Camino de Santiago – Day 27
Walked from: A Rúa (outskirts of Pedrozo)
Walked to: Santiago de Compostela
Date: 29 October 2017
As I entered the old town of Santiago, approaching the very end of my 800km walk across Spain, I heard clapping and cheering, the boom of celebratory music in the background, and someone shouting hysterically into a loud speaker. Turning the corner to the Cathedral, I was met with celebratory crowds. This truly was the way to mark the end of one of the world’s most famous walking journeys. I didn’t let the fact that the carnival atmosphere was everything to do with a local running event and bugger all to do with me completing the Camino de Santiago stop me from enjoying my entirety unexpected welcoming committee!
For old times sake, I started my walk this morning just before dawn broke (an hour earlier than yesterday, due to the clocks changing) hoping for one last glorious Camino sunrise. I didn’t get that, but was rewarded with beautiful misty scenes as the day gradually lighted – mysterious looking woods, and fields filled with white clouds. Beautiful.
The final approach into Santiago was a bit of a slog, but I felt so happy that I was completing my epic walk, albeit one shared with so many others, that I didn’t care. At breakfast, around 10km into my walking day, I’d seen Reme (pictured with me, below), who I hadn’t seen at all for several weeks. Reme was on his 80th, and final day, of walking – after travelling by foot all the way from his home in Switzerland. The joy and satisfaction I saw in his face and heard in his voice when we spoke of his achievement was incredibly moving; I didn’t cry, but as I parted from him it’s entirely possible my eyes were a little moist.
After a bit of trial and error, and thanks to the help of a local policeman, I eventually found my way to the pilgrim office, where I walked straight in (at other times of the year they must be incredibly busy as they had an elaborate queuing system in place),showed them my Pilgrim’s ‘credential’ – which I’ve been getting stamped at places I’ve stayed along the way – and was granted my Compostela. It’s all Latin to me (quite literally) but I’ve been told it absolves me of all my sins to date, despite the fact that, in my case, my journey wasn’t spiritual or religious. A long walk AND absolution to boot? Now there’s something you don’t get on the Pennine Way!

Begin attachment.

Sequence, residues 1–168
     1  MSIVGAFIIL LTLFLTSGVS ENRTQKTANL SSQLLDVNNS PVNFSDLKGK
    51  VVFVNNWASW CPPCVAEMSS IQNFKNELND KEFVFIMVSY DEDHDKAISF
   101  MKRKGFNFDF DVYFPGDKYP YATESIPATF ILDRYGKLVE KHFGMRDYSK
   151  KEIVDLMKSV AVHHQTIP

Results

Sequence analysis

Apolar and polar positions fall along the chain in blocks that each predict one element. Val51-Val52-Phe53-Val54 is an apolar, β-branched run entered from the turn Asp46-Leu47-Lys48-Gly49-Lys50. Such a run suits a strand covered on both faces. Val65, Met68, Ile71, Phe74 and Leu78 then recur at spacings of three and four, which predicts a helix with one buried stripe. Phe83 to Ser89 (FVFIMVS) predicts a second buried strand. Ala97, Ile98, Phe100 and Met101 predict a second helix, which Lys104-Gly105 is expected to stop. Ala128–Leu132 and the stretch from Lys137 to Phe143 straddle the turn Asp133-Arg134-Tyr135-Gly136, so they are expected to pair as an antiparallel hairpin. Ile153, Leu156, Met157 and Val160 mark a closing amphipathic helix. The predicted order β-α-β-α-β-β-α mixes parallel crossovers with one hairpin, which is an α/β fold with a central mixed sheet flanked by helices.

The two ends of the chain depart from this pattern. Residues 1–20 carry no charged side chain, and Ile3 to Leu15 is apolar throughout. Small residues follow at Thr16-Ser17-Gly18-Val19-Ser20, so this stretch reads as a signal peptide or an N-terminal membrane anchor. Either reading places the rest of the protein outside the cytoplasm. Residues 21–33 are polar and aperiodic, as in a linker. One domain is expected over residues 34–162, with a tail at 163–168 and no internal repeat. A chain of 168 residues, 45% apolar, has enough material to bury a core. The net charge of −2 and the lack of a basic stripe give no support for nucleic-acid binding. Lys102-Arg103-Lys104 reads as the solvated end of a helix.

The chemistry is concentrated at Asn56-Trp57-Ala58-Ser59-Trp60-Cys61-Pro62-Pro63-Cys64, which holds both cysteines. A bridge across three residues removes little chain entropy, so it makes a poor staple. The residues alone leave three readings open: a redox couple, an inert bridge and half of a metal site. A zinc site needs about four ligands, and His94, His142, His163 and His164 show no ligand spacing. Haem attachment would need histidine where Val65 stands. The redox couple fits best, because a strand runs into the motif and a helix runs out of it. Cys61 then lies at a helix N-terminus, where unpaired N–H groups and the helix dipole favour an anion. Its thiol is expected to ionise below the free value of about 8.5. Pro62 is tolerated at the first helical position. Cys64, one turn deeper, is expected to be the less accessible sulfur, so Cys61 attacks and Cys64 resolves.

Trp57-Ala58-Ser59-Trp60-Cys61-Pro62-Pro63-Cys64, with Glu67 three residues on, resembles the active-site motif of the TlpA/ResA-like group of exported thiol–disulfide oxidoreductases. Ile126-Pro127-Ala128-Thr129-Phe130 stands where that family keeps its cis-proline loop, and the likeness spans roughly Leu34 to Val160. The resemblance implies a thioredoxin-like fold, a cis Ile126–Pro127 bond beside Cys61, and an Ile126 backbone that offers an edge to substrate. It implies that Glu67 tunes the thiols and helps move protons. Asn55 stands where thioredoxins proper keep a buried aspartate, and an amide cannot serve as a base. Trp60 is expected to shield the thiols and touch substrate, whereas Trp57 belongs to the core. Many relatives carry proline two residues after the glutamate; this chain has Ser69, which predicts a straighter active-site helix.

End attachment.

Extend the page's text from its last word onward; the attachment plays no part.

People walk the Camino for many reasons, and start in many places. While I did the main ‘French’ way there are many others, and while I don’t plan to ever walk the route I’ve just followed again, I’d love to explore some of the other Spanish or Portuguese caminos in future, and discover more of the fantastic Iberian Peninsula. Equally, while I wasn’t one of those pilgrims completing the walk for a religious or spiritual purpose, I greatly respected many of the people I met that were doing it for that reason, especially as many of them faced significant physical challenges while doing the walk. And there’s no doubt that the simple act of putting one foot in front of the other, day after day, until I’d crossed much of northern Spain was meditative. I don’t know exactly where I’m going, but I sure know where I’ve been.
I’ll be back blogging in a few weeks… the next stop on my gap year adventure is a walk to Everest Base Camp, starting in mid-November. Buen Camino for now x